Rare Daily Staff

Flagship Pioneering today said it made a $50 million commitment to Foghorn Therapeutics to discover and develop drugs based on novel insights into the chromatin regulatory system, a way of regulating which genes are turned on and off.

Foghorn uses its proprietary Gene Traffic Control product platform to discover new therapeutics. The company likens the chromatin regulatory system to an air traffic control system, directing where, when, in what order, and to what extent genes are expressed in the body.

The company said breakdowns in this Gene Traffic Control system is a major and unexplored cause of cancer and other serious diseases. Foghorn said its proprietary platform makes it possible, for the first time, to understand how chromatin regulation malfunctions and to make drugs to correct it when it does.

“Genes determine critical aspects of health and disease,” said Doug Cole, managing partner at Flagship Pioneering and chairman of Foghorn’s board of directors. “Cells rely on the chromatin regulatory system to direct which genes are expressed and when, where, and in what order they are expressed. The chromatin regulatory system represents a pivotal, unexploited area on which to build effective new therapeutic strategies.”

Cigall Kadoch of the Dana-Farber Cancer Institute, Harvard Medical School, and the Broad Institute; Gerald Crabtree, of the Howard Hughes Medical Institute and Stanford University; and Flagships Pioneering Cole founded Foghorn in 2016. Flagship Pioneering developed and launched Foghorn through its innovation foundry, Flagship VentureLabs.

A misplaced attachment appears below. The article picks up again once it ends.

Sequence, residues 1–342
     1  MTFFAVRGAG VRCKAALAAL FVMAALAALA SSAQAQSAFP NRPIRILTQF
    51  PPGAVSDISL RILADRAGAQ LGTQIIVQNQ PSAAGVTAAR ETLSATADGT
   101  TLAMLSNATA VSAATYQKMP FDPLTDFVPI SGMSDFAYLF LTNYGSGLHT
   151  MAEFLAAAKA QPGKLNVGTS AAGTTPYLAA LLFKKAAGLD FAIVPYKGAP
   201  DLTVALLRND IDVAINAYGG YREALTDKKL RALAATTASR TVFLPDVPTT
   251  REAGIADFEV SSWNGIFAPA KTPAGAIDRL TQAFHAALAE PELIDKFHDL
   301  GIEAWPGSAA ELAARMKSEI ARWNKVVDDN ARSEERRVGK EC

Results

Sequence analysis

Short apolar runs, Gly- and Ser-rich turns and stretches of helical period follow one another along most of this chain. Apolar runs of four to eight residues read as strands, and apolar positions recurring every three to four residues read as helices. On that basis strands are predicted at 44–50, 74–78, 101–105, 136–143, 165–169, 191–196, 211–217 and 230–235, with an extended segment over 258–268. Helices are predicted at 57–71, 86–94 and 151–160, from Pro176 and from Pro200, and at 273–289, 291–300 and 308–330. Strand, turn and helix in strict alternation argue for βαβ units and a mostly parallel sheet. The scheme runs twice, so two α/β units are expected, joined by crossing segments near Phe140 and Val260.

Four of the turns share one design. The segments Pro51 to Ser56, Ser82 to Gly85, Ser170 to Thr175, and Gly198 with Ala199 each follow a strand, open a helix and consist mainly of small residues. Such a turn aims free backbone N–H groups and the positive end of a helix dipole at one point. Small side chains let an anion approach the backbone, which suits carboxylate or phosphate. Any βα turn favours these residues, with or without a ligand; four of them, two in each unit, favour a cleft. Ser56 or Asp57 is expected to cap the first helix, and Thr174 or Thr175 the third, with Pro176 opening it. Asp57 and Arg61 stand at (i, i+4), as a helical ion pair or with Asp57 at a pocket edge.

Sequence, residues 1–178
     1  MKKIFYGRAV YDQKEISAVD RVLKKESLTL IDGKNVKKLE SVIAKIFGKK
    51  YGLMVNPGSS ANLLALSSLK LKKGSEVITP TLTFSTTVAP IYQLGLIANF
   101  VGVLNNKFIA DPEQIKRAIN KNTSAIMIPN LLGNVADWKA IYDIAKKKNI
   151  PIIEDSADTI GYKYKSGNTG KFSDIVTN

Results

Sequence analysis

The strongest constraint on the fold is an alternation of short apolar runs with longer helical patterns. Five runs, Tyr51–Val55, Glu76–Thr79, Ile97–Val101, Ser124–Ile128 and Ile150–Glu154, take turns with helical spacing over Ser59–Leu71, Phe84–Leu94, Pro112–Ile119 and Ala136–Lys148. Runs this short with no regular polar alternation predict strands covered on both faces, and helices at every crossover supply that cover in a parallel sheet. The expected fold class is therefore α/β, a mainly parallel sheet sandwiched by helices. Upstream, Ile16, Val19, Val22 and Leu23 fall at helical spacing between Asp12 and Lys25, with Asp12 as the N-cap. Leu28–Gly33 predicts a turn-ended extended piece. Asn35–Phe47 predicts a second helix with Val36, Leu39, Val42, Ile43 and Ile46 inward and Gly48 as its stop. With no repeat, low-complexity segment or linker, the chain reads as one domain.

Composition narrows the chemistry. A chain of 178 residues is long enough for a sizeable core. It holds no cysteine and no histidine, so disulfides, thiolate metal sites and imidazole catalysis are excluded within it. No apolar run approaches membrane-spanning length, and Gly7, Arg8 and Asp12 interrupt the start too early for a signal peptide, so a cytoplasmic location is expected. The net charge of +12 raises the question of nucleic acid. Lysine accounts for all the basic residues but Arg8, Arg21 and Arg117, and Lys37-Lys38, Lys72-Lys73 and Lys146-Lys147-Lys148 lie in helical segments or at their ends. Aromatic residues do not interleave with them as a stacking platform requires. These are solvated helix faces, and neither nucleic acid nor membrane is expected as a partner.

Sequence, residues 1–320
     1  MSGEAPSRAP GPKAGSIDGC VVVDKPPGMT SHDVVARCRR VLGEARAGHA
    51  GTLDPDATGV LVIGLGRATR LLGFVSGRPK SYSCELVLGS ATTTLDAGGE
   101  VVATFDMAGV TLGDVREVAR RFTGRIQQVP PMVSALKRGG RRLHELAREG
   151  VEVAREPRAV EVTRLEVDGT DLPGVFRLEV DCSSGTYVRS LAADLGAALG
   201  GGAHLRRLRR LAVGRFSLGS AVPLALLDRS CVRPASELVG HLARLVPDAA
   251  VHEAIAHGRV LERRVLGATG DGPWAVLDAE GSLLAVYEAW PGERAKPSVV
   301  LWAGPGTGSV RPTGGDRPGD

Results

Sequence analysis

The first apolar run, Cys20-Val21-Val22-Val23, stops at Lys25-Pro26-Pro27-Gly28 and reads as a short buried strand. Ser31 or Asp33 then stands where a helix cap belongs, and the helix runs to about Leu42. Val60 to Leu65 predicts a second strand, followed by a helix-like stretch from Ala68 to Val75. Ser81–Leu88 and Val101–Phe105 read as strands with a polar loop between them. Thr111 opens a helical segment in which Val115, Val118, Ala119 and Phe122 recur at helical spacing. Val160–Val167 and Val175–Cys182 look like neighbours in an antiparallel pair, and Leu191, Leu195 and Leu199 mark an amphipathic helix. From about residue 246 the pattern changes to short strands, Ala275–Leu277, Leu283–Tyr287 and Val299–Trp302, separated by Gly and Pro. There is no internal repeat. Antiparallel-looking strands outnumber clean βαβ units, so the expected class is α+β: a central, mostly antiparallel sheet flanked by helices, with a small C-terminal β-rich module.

Adrian Gottschalk, formerly senior vice president and neurodegeneration therapeutic area head at Biogen, is serving as the company’s CEO.

Since establishing operations in 2016, Foghorn Therapeutics has developed a product platform that has generated new insights into disease, created six programs, and built a discovery engine that is yielding many additional targets. The company is in the process of developing drug candidates across a range of cancers and is exploring applications of Gene Traffic Control in neurology and immunology. The therapeutic approach is expected to have applications in a number of rare diseases.

“At Foghorn, we envision a world where patients can regain control of their genes to battle cancer and other serious diseases,” said Gottschalk, CEO of Foghorn Therapeutics. “The applications of our Gene Traffic Control platform are incredibly broad across cancer, neurology, and immunology. This is just the beginning of an entirely new approach to controlling gene expression and to bringing new medicines to patients with intractable diseases.”

March 14, 2018
Photo: Adrian Gottschalk, CEO of Foghorn Therapeutics

X